We went with him; his room was only a few doors off. The boots was just collecting shoes in the passage: or so we thought: afterwards we were not sure. Our visitor - his name was Paxton - was in a worse state of shivers than before, and went hurriedly into the room, and beckoned us after him, turned on the light, and shut the door carefully. Then he unlocked his kit-bag, and produced a bundle of clean pocket-handkerchief in which something was wrapped, laid it on the bed, and undid it. I can now say I have seen an actual Anglo-Saxon crown. It was of silver - as the Rendlesham one is always said to have been - it was set with some gems, mostly antique intaglios and cameos, and was of rather plain, almost rough workmanship. In fact, it was like those you see on the coins and in the manuscripts. I found no reason to think it was later than the ninth century. I was intensely interested, of course, and I wanted to turn it over in my hands, but Paxton prevented me. 'Don't you touch it,' he said, 'I'll do that.'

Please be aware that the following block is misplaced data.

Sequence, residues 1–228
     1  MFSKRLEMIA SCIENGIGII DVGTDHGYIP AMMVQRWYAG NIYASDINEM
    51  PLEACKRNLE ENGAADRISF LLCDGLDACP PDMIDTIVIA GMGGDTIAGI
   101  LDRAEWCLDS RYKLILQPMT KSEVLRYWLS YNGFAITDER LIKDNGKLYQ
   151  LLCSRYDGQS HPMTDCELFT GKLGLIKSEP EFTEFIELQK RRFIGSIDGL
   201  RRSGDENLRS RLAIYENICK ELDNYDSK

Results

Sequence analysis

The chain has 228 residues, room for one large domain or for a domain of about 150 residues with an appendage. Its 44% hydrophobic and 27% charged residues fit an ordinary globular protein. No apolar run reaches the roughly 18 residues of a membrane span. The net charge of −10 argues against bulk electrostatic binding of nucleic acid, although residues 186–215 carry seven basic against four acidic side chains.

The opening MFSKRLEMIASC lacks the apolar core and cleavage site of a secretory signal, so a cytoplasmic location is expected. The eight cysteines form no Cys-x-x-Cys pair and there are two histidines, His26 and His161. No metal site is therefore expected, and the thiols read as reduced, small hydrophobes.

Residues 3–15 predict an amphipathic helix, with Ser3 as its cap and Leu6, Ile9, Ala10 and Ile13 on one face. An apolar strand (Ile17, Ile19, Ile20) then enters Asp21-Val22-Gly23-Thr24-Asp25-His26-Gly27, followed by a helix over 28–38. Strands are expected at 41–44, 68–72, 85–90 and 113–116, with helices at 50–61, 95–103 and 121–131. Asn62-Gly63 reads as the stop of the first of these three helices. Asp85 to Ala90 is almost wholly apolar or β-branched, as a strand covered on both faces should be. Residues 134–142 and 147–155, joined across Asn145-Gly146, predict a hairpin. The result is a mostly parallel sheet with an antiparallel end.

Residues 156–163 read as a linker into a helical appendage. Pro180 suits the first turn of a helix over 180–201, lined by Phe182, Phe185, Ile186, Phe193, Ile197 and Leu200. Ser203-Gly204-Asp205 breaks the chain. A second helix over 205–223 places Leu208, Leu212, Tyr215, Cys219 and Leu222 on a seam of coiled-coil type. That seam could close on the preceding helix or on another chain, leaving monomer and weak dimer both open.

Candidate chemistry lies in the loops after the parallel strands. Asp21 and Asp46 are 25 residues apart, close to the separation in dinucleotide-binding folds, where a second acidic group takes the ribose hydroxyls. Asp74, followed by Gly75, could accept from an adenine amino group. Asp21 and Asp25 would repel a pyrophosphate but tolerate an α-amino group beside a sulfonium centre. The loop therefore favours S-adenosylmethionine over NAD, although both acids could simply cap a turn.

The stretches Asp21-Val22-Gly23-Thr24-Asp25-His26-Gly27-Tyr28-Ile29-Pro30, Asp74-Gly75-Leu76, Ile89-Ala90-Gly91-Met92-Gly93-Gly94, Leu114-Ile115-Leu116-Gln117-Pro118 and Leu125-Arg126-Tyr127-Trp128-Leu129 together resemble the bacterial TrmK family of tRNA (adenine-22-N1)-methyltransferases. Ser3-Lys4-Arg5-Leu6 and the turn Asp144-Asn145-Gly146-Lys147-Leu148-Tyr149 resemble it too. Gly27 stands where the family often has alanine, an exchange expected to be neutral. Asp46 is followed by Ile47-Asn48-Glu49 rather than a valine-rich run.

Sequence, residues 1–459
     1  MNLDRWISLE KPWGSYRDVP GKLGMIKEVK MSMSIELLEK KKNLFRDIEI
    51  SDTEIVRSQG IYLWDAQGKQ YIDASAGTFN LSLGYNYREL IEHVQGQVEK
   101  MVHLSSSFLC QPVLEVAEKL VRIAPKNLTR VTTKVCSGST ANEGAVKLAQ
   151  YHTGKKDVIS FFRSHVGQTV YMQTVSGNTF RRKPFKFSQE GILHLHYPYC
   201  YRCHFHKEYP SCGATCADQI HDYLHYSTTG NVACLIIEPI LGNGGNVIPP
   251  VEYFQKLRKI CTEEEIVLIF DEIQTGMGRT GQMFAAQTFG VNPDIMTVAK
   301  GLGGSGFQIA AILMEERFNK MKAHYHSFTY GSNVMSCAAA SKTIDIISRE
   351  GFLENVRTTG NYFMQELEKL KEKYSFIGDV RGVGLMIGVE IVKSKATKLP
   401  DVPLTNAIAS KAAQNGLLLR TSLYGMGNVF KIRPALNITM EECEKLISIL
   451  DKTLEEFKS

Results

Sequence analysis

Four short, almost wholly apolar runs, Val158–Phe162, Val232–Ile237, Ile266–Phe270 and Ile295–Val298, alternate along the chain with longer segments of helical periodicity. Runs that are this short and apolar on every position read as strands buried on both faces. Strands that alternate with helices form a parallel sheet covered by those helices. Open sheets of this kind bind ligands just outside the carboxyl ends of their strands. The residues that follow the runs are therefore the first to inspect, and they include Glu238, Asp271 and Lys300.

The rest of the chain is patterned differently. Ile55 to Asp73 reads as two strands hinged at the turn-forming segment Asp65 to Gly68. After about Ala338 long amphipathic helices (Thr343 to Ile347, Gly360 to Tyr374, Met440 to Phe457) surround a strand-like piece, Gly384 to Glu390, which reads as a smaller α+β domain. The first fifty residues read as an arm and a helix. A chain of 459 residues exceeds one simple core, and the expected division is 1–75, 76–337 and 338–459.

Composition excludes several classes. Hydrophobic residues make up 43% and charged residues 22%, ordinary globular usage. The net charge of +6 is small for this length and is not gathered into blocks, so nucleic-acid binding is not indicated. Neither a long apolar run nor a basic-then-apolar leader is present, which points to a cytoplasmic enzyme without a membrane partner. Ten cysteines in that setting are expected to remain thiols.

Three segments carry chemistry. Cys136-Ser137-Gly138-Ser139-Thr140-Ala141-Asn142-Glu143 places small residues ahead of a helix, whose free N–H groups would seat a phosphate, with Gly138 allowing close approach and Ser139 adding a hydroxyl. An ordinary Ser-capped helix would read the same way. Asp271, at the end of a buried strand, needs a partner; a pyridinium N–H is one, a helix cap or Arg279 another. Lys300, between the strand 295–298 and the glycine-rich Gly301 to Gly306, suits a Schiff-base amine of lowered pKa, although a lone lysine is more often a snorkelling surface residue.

M R James, A Warning to the Curious.